Public Transportation

Tips for gaining television and radio coverage

  • Listen to and watch the targeted program before calling to pitch yourself, an event, story idea or commentary. A producer is more likely to book you for an appearance if, in addition to having a good story and being an interesting guest, you can demonstrate a familiarity with the program and target audience.
  • Don’t hesitate to pitch an idea to a station’s producers or news directors. Most stations are always seeking timely subjects and interesting guests to fill time.
  • If you are pitching an event or speech, fax or e-mail a short media advisory to the assignment editor a few days in advance. Newsrooms receive stacks of advisories each day; therefore, it is important to follow up with a telephone call to ensure the assignment editor knows about the event and so you can make a case for why it is important.
  • Be concise when you call. Explain who you are, why you’re calling and why you would make a good guest on a show. Describe any specific expertise, training or experience you may have that would distinguish you as an "expert" or knowledgeable source. Offer to make regular appearances in person or over the telephone.

    Media Tip: Translate Your Messages Into Sound Bites

    Television and radio news and commentary are brief, often distilling issues to 30- or 60-second segments using short "sound bites." If you arrange for an on-the-air interview, keep your messages concise, simple and memorable.

  • If a producer or program director is interested, you may be asked to send some background information about yourself, the coalition and key transit topics. You may also want to provide a fact sheet, reprints of supportive articles or editorials and a list of 10 to 15 suggested questions the host may ask about your topic. If you have made prior appearances on radio or television, you can also include a list of the program names and dates and an audiotape or videotape of a recent impressive media event or interview.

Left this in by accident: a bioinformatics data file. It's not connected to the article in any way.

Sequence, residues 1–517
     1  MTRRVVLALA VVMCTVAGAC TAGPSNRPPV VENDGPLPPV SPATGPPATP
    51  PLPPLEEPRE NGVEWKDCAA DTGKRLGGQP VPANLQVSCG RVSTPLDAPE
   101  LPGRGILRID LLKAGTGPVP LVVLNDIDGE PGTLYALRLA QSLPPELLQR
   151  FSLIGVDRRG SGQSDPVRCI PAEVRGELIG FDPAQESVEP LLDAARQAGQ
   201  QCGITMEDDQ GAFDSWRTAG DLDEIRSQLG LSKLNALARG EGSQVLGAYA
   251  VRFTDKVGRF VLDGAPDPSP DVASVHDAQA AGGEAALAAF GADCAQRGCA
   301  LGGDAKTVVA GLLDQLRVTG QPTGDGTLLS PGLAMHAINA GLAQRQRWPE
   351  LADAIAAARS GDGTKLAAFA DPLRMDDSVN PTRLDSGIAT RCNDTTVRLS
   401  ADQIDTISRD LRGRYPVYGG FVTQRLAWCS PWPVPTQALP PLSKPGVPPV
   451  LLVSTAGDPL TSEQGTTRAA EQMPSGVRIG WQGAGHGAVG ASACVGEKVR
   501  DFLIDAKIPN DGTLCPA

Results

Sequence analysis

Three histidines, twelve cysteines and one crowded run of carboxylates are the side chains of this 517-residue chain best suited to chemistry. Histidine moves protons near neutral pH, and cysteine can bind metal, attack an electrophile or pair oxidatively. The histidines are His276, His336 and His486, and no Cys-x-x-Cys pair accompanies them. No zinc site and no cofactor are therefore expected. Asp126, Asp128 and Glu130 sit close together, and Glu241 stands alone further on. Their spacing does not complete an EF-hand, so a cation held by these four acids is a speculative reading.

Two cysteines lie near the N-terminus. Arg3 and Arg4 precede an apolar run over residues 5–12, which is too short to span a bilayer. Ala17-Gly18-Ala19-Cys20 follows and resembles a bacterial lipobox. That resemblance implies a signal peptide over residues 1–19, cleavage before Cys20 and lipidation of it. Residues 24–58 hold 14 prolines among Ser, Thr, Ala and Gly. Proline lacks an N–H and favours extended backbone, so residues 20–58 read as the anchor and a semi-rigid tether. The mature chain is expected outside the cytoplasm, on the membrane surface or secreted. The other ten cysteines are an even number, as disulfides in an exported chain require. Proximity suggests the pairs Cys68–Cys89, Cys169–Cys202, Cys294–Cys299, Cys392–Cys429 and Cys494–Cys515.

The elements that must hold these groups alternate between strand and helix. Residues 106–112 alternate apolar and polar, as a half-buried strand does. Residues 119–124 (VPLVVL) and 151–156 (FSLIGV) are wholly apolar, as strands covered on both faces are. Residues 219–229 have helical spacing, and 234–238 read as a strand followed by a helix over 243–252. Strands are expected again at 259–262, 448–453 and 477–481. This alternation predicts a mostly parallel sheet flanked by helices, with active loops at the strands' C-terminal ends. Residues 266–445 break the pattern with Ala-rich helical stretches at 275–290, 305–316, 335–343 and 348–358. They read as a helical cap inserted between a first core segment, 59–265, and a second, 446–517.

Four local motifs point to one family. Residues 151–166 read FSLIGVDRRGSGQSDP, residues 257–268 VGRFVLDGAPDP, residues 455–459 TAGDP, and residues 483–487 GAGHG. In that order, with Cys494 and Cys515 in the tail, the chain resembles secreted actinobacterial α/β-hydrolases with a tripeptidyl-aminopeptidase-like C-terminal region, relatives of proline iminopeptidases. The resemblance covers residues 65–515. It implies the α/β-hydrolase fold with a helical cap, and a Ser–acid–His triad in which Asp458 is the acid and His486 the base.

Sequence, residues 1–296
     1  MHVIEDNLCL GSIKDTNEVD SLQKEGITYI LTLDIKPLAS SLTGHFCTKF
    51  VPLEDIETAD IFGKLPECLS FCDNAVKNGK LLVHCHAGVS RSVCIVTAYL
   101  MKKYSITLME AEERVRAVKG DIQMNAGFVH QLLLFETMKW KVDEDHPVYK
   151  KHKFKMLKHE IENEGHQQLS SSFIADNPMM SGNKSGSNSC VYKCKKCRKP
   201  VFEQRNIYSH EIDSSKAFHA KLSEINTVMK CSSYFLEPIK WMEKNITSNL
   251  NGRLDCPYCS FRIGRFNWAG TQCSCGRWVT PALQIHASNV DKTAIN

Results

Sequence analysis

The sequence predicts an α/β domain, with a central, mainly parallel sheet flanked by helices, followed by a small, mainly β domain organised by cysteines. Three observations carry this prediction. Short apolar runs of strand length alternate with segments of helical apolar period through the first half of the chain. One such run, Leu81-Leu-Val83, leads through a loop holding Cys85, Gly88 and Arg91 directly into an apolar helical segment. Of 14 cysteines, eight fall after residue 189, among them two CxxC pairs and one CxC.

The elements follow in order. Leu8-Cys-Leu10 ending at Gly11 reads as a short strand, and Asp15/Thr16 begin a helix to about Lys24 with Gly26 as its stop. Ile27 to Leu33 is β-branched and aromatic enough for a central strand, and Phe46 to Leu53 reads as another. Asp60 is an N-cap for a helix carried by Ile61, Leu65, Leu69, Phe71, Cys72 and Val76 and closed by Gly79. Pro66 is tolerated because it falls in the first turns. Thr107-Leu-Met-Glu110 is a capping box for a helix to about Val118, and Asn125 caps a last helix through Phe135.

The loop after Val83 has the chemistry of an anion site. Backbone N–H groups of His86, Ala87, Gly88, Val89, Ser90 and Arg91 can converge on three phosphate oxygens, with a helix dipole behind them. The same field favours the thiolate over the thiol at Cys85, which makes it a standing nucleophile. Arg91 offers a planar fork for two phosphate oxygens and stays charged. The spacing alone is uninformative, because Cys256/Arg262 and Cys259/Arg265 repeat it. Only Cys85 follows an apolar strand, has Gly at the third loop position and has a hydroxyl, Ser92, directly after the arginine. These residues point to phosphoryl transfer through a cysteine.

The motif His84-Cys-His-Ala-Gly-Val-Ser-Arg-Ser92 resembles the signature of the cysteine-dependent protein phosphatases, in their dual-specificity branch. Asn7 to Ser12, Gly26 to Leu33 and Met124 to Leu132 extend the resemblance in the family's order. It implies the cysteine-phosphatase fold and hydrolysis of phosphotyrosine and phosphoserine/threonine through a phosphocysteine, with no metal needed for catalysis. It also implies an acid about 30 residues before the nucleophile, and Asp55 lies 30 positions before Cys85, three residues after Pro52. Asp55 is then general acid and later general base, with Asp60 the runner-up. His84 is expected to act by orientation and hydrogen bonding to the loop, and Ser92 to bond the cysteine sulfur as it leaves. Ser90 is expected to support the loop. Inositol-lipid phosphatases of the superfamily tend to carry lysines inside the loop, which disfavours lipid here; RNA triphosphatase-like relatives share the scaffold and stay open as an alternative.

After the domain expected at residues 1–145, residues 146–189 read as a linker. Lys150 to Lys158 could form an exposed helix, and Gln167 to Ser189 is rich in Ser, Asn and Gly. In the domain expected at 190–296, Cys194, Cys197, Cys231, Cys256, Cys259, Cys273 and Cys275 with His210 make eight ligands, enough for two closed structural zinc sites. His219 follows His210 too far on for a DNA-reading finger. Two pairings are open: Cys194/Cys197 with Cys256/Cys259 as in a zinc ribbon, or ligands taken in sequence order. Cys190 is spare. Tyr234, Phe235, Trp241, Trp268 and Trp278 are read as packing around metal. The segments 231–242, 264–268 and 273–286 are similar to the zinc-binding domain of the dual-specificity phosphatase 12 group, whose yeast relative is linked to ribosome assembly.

• You can gain greater attention and increase the likelihood of being invited to participate in a talk show if you offer to bring an elected official or other community leader with you.
  • If you are a guest on a television or radio talk show, draft a few notes about the main points you want to make. Think of simple sound bites that the audience will easily remember.
  • Always present a calm, factual and professional manner.
  • If you appear on a call-in program, arrange for two or three supporters to call in with prepared questions. This will ensure that you have an opportunity to make your key points.
  • If the journalist or producer is not interested, thank him or her for the time and call the next media contact. Don’t be discouraged. After your initial contact, call or write a follow-up note. Work to develop a relationship with the assignment editors and reporters at the stations and make certain they know you are available and willing to be interviewed on camera.
  • If you don’t receive a response, continue to stay in touch by sending news clips and articles that demonstrate the importance of public transportation and your value as a spokesperson.
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